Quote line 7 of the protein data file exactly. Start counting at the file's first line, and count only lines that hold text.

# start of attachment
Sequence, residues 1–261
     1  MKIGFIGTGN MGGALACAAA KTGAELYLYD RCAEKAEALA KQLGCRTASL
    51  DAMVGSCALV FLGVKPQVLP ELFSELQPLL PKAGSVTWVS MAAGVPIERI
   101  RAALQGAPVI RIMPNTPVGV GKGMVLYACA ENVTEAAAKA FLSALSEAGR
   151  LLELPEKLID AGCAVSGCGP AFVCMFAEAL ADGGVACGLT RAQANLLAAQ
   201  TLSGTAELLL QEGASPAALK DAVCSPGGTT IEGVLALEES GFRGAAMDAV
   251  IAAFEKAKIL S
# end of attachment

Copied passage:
   251  IAAFEKAKIL S